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A Face untaught to feign; a judging Eye,
That darts fevere upon a rifing Lie,
And strikes a blufh through frontless Flattery.
All this thou wert; and being this before,
Know, Kings and Fortune cannot make thee more.
Then fcorn to gain a Friend by fervile ways,

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Nor wifh to lose a Foe these Virtues raise
But candid, free, fincere, as you began,
Proceed-a Minister, but still a Man.
Be not (exalted to whate'er degree)
Afham'd of any Friend, not ev'n of Me:
The Patriot's plain, but untrod, path pursue;
If not, 'tis I must be asham'd of You.



I SHALL add a dialogue by Mr. Pope, in verse, that is genuine :


"Since my old friend is grown fo great,

As to be Minister of State,

I'm told, but 'tis not true I hope,

That Craggs will be afham'd of Pope."


"Alas! if I am fuch a creature,

To grow the worfe for growing greater;
Why, faith, in fpite of all my brags,
'Tis Pope must be afham'd of Craggs.'






THIS Verse be thine, my friend, nor thou refuse
This, from no venal or ungrateful Muse.

Whether thy hand ftrike out fome free defign,
Where Life awakes, and dawns at ev'ry line;
Or blend in beauteous tints the colour'd mass,
And from the canvafs call the mimic face:
Read these instructive leaves, in which confpire
Frefnoy's close Art, and Dryden's native Fire;




Epifle to Mr. Jervas] This Epiftle and the two following were written fome years before the reft, and originally printed in 1717.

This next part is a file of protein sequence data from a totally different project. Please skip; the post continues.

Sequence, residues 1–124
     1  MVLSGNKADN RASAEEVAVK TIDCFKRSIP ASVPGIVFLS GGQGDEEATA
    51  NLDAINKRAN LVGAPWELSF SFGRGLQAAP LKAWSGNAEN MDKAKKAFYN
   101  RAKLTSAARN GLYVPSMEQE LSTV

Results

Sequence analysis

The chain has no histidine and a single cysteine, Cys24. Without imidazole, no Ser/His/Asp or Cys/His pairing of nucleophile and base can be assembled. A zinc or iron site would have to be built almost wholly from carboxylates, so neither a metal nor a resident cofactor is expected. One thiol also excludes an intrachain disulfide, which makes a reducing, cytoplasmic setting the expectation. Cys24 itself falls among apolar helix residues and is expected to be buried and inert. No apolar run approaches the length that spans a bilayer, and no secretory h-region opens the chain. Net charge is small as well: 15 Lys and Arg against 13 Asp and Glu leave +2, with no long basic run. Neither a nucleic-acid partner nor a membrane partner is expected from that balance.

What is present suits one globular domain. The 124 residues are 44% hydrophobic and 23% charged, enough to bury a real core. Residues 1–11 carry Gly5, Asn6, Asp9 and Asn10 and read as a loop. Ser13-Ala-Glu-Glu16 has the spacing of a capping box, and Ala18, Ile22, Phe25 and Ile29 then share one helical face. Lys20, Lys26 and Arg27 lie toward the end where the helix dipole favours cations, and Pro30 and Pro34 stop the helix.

Jervas owed much more of his reputation to this Epistle than to his skill as a painter. "He was defective," fays Mr. Walpole, "in drawing, colouring, and compofition; his pictures are a light, flimzy kind of fan-painting, as large as the life; his vanity was exceffive." The reafon why Lady Bridgewater's name is fo frequently repeated in this Epiftle, is, because Jervas affected to be violently in love with her. As fhe was fitting to him one day, he ran over the beauties of her face with rapture; but added, "I cannot help telling your Ladyfhip you have not an handsome ear.” "No! - Pray, Mr. Jervas, what is a handfome car?" He turned afide his cap, and fhewed his own! WARTON

And reading wifh, like theirs, our fate and fame,
So mix'd our studies, and fo join'd our name;
Like them to shine through long fucceeding age,
So just thy fkill, fo regular my rage.

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Smit with the love of Sifter-Arts we came, And met congenial, mingling flame with flame; Like friendly colours found them both unite, And each from each contract new ftrength and light. How oft' in pleafing tasks we wear the day, While fummer-funs roll unperceiv'd away? How oft our flowly-growing works impart, While Images reflect from art to art?


How oft review; each finding like a friend Something to blame, and fomething to commend? What flatt'ring fcenes our wand'ring fancy wrought, Rome's pompous glories rising to our thought! Together o'er the Alps methinks we fly,

With thee, on Raphael's Monument I mourn,

Fir'd with Ideas of fair Italy.

Or wait infpiring Dreams at Maro's Urn:




VER. 13. Sifter-Arts] To the poets that practifed and underftood painting, the names of Dante, of Flatman, of Butler, of Dyer, may be added that of our author; a portrait of whofe painting is in the poffeffion of Lord Mansfield: a head of Betterton.


There is also another portrait by Pope, in the poffeffion of his Grace the Duke of Norfolk, at Arundel caftle.

VER. 27. On Raphael's monument] Let me here add Sir Joshua Reynold's fine characters of Raphael and Michael Angelo:

With thee repose, where Tully once was laid,

Or feek fome Ruin's formidable shade:


30 While